BE Modern Man: Meet “The Education Advocate” Jermaine Wright
Black Enterprise Magazine September/October 2018 Issue

Name: Jermaine Wright

Profession: University Director of the City University of New York Black Male Initiative (CUNY BMI)

Age: 33

One word that describes you: Tenacious

Education is one of the most important triumphs and obstacles that we face, not only as a country but as a race of people and  Jermaine Wright has managed to beat the odds and defy societal expectations placed on his  life. During the 1980s, as a young immigrant kid,  he saw a side of America that he would have never guessed existed: the war on black men. Never deterred, Wright made it his prerogative to rise above the cracks of the system.

“As a Jamaican, race as a social construct had no bearing, as we were all Jamaicans back home. However, when my family immigrated to the United States, I began to understand just how significant an impediment race can be to improving one’s life circumstances due to race-based structural inequities. When my parents and I arrived in the U.S. in the mid-80s, we lived in the South Bronx at the height of the crack/cocaine era. I grew up in a three-bedroom apartment that housed 12 individuals, 8 adults and 4 children. Needless to say, I didn’t grow up in the best living conditions as I was surrounded by hustlers, crack fiends, gang bangers, and poverty. Therefore, my inspiration and motivation is to rewrite the black male narrative that says, “I should have been in prison or dead by now.” Rewrite the black male narrative that says, “I can’t be academically successful.” And rewrite the black male narrative that says, “I have to be a product of my environment.” I am here to dispel these notions, create a path for other black males behind me to follow, and to exemplify that your environment doesn’t have to dictate your path.”

Armed with a bachelor’s degree in Political Science and Sociology from Binghamton University, a master’s degree in Public Administration from John Jay College, and working toward a future Ph.D. in Public Administration with a focus on Performance Measurement and Improvement from Rutgers University-Newark School of Public Affairs and Administration, Wright is leading the charge to ensure young men of color are not left behind academically. “As the University Director of CUNY BMI, I am responsible for monitoring and leading the progress of over 30 campus-based BMI projects dedicated to increasing, encouraging, and supporting the inclusion and educational success of underrepresented groups in higher education, particularly men of color, ” he tells BE Modern Man. “CUNY BMI, through its focus on one of the most severely underrepresented populations in higher education, represents one expression of CUNY’s most significant commitments to access and diversity. CUNY BMI was established in 2005 and is based on a promising model first started at Medgar Evers College. With the generous support of 11 consecutive grants from the New York City Council, CUNY BMI funds projects throughout the university. These projects are designed to strengthen the education pipeline for severely underrepresented populations in higher education, particularly men of color, by increasing the enrollment, retention, and graduation rates of these students.”

Those types of projects are hardly ever discussed, especially in mainstream media, who would rather report on the celebrity, athlete, victim or perpetrator. “I don’t believe that men of color are championed enough in the mainstream. So in an effort to document a decade of CUNY BMI’s success, and in accordance with the CUNY BMI 2012-2017 strategic plan, I created the I AM BMI campaign to highlight students of color. The I AM BMI campaign is comprised of four components: a CUNY BMI video, a CUNY BMI packet, CUNY BMI logo, and a CUNY BMI Serious Talk Series. The CUNY BMI video features vignettes of BMI students talking about their BMI experiences, which can inspire other universities around the country to start their own BMI program and help attract/assist more underrepresented students, particularly African, African American/Black, Caribbean and Latino/Hispanic males, to attend college and graduate,” he tells BE Modern Man.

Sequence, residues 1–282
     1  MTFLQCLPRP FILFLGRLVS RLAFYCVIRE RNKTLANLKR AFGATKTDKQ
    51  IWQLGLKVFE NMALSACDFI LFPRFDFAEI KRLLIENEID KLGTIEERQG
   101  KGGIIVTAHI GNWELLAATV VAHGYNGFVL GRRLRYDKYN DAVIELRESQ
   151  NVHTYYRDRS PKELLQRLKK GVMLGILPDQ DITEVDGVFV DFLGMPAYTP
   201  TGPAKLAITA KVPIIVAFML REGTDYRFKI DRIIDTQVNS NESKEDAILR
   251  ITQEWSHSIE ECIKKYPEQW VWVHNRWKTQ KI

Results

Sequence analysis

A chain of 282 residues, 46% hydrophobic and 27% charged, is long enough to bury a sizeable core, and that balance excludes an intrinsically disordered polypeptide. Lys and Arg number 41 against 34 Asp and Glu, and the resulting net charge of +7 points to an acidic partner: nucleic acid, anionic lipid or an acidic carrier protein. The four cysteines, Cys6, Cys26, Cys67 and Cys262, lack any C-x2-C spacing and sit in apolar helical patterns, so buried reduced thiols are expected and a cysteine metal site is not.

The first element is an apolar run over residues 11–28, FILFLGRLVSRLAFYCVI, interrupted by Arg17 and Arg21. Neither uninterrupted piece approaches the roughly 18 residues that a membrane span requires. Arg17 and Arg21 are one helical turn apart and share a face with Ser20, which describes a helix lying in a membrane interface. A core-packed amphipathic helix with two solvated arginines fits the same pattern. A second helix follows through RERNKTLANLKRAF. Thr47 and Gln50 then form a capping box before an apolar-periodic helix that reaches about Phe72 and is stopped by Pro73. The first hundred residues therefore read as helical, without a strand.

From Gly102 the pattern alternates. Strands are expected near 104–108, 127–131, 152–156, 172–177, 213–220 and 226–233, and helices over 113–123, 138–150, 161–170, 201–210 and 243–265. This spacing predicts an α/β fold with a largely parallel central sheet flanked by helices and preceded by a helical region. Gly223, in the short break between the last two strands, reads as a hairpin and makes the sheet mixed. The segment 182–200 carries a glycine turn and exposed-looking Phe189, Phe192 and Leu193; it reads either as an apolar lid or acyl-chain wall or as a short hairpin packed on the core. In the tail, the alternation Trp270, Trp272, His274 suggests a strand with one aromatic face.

“This type of exposure is necessary and needed as a way to dismiss the negative stereotypes that surround men of color. The more positive examples there are of men of color, the more likely we will be able to change the narrative,” Wright states when asked about treating, exposing, and displaying our stories for the masses.

Being named a BE Modern Man means a fraternal brotherhood bound by a common thread, and in this case, the plight of the black man’s future. “I am honored and humbled to have been selected as one of the BEMM 100 Men of Distinction and quite frankly surprised,” he tells BE Modern Man. “I do what I do not for the accolades and attention, but to ensure that young men of color coming up behind will have more chances, opportunities, resources, and access than I did growing up. Conversely, whenever given a platform, I talk about my humble beginnings and how that didn’t derail or deter me from my purpose, which is to combat the issue of equity. Thus, I am immensely grateful to Black Enterprise for providing me with this platform.”

We at Black Enterprise salute you, Jermaine Wright, for continuing to champion for and create new narratives for a generation of black intellectuals. Your mission to serve tirelessly is why we are proud to call you a BE Modern Man.

It’s our normal to be extraordinary. Follow @blackenterprise and join the BE Modern Man conversation using #BEModernMan.

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